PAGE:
In Sub-Saharan Africa, solar minigrids are bringing clean power to communities that won’t see main grid connection for many years, if ever. The ambitious Sunshot Initative, a brainchild of Husk Power Systems (Husk), aims to benefit 7.7million people across the continent within five years.
Husk first received an Ashden Award in 2011 for its work bringing clean energy to 180,000 rice farmers in Eastern India. The company’s impact has only expanded over time, demonstrating what’s possible when clean energy pioneers get the backing they need.
The first Sunshot minigrids are already operational in Nigeria’s Nasarawa State. These are backed with support for local small businesses, like loans for new productive machines and appliances that help entrepreneurs to launch or grow their enterprise.
This ensures lasting demand for power, which helps to lower the price paid by consumers, a crucial strength of Husk’s work. The company’s ability to quickly and efficiently roll out its minigrids and services to new communities also keeps costs down.
In addition, digital innovation helps customers pay for and manage their energy use through a mobile app. Husk uses smart technologies including Artificial Intelligence, Internet of Things, and Geographic Information Systems to automate the monitoring and management of its fleet of minigirids, and determine which communities are a fit for future expansion.
This all adds up to a sustainable business model, one that allowed Husk to become profitable in the final months of 2022. The model can bring energy to millions of homes and enterprises that currently have no hope of connection to a national grid.
Husk has already powered up thousands of shops and cafes, rice mills, motorbike taxis and a host of other businesses. As well as supporting small businesses, Husk partners with other adjacent industries to bring essential infrastructure to communities. Examples include the village of Kiguna in Nasarawa State, where Husk helped introduce a shared cold storage room for the local fish market and a new mobile phone tower.
Husk is also introducing new innovative services and educating local people on how they benefit. In the village of Igbabo, it has helped motorbike taxi riders switch to electric vehicles. Husk’s support includes managing a motorbike leasing service, battery swapping and training riders on bike maintenance. In each community it reaches, Husk works with a Village Power Committee featuring local stakeholders such as young people, women, local farmers and others, who give their advice and feedback.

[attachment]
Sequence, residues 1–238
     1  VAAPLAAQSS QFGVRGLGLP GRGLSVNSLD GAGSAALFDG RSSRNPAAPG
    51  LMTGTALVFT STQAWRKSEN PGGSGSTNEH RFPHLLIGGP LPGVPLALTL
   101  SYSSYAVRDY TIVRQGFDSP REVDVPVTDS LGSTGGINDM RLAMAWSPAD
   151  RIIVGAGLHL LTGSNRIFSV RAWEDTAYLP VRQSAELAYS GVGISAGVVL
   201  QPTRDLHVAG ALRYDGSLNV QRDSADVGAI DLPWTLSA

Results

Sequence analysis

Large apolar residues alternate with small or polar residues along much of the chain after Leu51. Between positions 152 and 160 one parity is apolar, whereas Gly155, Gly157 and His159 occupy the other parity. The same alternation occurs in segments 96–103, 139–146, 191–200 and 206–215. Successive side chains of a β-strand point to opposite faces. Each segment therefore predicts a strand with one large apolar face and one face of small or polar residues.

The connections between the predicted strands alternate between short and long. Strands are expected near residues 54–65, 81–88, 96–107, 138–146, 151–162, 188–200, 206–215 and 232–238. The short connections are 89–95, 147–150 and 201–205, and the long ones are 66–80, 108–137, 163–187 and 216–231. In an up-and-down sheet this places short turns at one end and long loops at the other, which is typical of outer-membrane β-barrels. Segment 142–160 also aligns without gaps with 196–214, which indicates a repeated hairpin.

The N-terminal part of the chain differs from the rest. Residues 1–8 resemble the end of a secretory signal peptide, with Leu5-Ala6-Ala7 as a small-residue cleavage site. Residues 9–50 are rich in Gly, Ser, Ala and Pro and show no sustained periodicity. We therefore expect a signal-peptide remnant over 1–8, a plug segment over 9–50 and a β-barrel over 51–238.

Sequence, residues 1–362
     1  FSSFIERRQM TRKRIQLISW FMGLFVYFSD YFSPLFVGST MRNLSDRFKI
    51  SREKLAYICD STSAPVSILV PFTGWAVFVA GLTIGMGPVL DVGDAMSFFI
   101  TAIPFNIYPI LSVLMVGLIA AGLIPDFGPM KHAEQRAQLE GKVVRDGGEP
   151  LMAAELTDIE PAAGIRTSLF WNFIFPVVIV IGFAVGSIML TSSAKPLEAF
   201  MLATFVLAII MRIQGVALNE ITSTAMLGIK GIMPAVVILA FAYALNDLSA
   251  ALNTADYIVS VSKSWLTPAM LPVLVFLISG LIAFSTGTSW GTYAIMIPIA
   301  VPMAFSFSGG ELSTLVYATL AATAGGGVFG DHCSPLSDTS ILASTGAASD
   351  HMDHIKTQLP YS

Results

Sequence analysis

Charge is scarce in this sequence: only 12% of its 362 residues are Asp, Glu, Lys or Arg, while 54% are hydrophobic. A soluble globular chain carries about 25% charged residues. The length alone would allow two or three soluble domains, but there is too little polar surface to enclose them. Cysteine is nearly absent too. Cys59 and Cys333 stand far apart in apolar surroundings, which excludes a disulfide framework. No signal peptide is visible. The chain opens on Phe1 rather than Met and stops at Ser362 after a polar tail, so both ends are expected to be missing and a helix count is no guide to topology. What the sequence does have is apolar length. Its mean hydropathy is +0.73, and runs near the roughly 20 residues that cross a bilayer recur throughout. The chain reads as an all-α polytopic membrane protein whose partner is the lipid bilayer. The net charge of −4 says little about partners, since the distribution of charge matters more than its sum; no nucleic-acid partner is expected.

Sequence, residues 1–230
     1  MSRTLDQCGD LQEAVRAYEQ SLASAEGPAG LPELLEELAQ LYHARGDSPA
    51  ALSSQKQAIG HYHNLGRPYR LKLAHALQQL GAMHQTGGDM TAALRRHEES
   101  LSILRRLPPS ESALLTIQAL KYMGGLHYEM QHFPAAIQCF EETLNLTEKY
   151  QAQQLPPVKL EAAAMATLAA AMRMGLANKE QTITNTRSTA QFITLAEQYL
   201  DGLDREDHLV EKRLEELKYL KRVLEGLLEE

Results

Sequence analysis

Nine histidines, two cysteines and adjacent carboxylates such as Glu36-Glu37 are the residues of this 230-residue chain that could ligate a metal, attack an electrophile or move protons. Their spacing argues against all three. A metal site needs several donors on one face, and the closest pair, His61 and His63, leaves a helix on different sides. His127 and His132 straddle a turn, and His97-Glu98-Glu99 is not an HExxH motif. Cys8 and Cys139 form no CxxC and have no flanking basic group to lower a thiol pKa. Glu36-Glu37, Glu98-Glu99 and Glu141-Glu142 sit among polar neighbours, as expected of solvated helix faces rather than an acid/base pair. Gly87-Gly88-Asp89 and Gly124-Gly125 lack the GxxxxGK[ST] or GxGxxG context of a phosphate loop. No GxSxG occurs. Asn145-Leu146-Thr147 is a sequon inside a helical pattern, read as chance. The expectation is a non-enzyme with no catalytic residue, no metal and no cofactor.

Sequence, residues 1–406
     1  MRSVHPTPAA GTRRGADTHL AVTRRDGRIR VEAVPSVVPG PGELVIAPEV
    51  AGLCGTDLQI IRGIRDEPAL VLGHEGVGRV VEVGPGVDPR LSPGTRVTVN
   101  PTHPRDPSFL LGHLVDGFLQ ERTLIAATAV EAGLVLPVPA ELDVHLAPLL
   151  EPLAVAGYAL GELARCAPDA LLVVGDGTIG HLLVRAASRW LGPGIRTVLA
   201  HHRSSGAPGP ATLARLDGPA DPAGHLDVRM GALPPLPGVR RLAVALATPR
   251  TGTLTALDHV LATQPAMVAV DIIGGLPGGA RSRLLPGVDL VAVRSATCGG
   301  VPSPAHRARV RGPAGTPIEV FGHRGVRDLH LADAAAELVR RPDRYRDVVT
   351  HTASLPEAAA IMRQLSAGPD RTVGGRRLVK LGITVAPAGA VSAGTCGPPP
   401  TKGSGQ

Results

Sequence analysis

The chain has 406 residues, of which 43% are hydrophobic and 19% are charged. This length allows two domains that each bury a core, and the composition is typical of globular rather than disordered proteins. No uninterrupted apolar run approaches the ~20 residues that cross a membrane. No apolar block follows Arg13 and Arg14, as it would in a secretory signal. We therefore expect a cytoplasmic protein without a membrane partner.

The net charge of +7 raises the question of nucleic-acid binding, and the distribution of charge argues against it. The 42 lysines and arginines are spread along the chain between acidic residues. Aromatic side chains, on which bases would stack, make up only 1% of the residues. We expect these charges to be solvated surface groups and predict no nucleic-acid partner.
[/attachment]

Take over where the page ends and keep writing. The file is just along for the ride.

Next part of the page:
Before a minigrid came to Igbabo, shop owner John Dauda Buhari relied on a diesel generator for energy. This brought daily fuel costs, and at times diesel was hard to come by. The generator would also need repairs and servicing, sometimes as often as three times a week. As his employees didn’t have the skills to do this, it was hard for him to leave the store.
He believes that in two to three years, everyone in his community will be connected to Husk. Local businesses typically see at least a 30% reduction in monthly energy bills by switching from diesel to solar.
In Kiguna another shop owner, Nneaya Okorie, is using clean energy to power a fridge for chilled drinks. People from neighbouring communities come to buy from her store, particularly during the dry season. She says: “I am very happy with this electricity and my business has progressed.”
1 November 2023
Ashden Award for Integrated Energy Africa
25 October 2023
Ashden Award for Natural Climate Solutions
Ashden Award for Powering Agriculture
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